2. Hardware-based video switching and encoding units.
We recommend a hardware encoder for brick-and-mortars. A TriCaster is the most common hardware option for churches that use multiple cameras. Another choice is Sony’s Anycast, which is a simple touch-screen unit that’s easy for a novice to learn fairly quickly but requires a lot of infrastructure to run properly. Both the TriCaster and the Anycast can be installed permanently in a control room.
3. A way to integrate in-house audio.
Good-quality sound is critical for a professional-quality live stream. If you already have a mixer or speaker system, you’ll need a way to bring that into the feed. A mixer like this gives you control over volume and tone.
4. A way to integrate in-house graphics into your broadcast.
You’ll also need software to incorporate passages, hymns, or anything else typically shown on a projector. There are various ways to do that depending on your platform, whether it’s hardware or software. For clients using Wirecast, we usually recommend using Desktop Presenter.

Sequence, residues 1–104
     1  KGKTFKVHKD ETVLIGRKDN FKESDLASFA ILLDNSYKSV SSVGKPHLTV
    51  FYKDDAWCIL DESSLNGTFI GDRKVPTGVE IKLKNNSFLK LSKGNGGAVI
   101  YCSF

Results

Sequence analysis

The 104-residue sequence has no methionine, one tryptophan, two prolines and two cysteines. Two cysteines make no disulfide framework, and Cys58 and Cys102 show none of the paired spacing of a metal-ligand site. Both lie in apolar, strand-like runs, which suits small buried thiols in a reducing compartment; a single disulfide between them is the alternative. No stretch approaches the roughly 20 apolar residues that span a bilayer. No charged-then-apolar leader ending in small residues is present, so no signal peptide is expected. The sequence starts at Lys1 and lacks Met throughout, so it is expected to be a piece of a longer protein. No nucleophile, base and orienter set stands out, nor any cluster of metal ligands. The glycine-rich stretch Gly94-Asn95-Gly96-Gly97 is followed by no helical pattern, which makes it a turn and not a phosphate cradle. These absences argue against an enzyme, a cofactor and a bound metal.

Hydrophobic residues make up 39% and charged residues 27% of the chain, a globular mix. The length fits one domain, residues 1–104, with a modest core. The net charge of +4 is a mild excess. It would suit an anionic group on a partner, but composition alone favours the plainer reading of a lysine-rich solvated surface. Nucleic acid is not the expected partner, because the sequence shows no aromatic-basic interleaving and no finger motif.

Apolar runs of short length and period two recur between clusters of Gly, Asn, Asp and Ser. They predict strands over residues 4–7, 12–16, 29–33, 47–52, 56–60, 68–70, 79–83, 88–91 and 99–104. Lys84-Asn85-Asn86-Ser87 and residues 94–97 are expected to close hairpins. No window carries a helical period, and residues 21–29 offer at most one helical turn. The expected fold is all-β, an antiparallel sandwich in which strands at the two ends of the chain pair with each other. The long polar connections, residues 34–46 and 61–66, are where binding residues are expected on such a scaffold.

5. An internet connection.
Before You Get Started…
That’s all the live streaming equipment you’ll need to get your church up and running. If you’re still feeling less-than-confident about the buying process, we encourage you to work with someone who can guide you through it. Whether it’s with us here at Stretch or someone else, a knowledgeable, objective third party may be all you need to start off on the right foot.
If you’d like to get some honest advice about the video production equipment your specific church needs for live streaming, we’d love to talk. We’ll consider your budget and your goals and figure out a way to make your plan a reality.